Of all types of collectors, those who focused on jewelry, digital items, and furniture reported the greatest senses of accomplishment, while those who collected coins, furniture, and art, such as paintings, reported the greatest sense of happiness. If you’re looking for a little extra “happy,” coins and art could be a good place to start. While art can certainly get expensive, the psychological benefits of it (which include everything from extra self-esteem to boosted dopamine) have long been documented.
To Run in the Collector Circle
So what does the community of collectors actually feel like to the average collector? Does it feel like-minded or valuable? Is it something collectors rely on or talk with frequently? Our study concludes with a look into the collector community values.
The short answer is yes, a community of like-minded collectors is highly valuable to the average collector. And they’re also very common: In fact, only 1 in 10 collectors reported not having this type of like-minded community in their life. Moreover, those who didn’t have a collector community lost out on most of the fun and reported lower levels of happiness in their life.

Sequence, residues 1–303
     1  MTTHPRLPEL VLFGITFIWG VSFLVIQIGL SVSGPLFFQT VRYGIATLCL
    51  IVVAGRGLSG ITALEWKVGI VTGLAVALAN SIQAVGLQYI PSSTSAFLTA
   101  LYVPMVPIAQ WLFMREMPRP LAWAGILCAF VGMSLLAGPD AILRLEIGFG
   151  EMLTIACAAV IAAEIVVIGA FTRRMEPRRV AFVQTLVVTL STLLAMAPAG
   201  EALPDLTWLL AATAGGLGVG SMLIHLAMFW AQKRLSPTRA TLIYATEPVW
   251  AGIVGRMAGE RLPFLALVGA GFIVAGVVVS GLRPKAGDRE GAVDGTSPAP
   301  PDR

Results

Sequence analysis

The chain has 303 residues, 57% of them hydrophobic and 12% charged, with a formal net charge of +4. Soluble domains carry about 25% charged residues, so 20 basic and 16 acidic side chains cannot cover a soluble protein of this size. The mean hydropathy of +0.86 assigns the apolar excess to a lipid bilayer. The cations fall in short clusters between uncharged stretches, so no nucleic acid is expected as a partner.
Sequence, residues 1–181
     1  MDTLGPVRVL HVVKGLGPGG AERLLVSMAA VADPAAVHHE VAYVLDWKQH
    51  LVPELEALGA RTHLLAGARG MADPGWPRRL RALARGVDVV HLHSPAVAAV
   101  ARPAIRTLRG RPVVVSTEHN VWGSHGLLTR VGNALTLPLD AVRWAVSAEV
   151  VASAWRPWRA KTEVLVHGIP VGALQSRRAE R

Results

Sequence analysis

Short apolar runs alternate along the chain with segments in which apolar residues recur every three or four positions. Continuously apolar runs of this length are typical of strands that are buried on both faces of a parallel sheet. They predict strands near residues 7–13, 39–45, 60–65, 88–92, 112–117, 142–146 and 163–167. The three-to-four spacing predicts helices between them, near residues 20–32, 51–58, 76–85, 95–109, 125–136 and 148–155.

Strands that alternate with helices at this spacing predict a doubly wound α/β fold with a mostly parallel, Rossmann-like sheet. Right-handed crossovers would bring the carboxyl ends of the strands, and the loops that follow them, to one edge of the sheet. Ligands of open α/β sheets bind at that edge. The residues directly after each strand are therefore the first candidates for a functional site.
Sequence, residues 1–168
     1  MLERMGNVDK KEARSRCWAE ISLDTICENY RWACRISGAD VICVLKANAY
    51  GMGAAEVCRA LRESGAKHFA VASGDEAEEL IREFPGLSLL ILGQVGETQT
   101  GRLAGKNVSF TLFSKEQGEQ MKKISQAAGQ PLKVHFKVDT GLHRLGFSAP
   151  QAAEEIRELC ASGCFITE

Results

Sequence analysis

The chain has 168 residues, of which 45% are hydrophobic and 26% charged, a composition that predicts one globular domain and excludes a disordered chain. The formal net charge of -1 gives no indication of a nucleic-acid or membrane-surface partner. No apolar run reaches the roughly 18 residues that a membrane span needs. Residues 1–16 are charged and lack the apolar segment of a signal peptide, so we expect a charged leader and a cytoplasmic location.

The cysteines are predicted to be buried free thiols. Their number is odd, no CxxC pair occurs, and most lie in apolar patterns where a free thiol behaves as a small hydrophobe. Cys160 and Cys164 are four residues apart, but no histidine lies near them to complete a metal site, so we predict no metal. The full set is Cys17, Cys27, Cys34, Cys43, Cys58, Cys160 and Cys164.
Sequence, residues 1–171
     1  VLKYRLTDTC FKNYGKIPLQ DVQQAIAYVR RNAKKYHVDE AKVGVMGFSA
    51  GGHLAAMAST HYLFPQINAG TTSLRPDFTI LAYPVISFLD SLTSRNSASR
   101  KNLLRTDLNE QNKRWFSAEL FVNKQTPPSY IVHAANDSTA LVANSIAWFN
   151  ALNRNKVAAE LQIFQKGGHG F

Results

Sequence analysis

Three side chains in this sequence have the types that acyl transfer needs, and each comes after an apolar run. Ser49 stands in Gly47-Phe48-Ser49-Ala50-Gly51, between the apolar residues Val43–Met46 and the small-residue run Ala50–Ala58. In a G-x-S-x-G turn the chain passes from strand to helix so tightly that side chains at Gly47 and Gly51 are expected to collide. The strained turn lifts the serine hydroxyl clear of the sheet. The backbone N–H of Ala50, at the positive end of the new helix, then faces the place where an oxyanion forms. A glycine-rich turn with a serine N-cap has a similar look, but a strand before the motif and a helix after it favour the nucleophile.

Collector communities were most tightly knit among millennials, who reported talking with their community more often than any other generation we spoke to. Considering the impact of the community on happiness, it’s likely that millennials are also enjoying increased senses of community and enjoyment if they’re engaging with theirs the most often.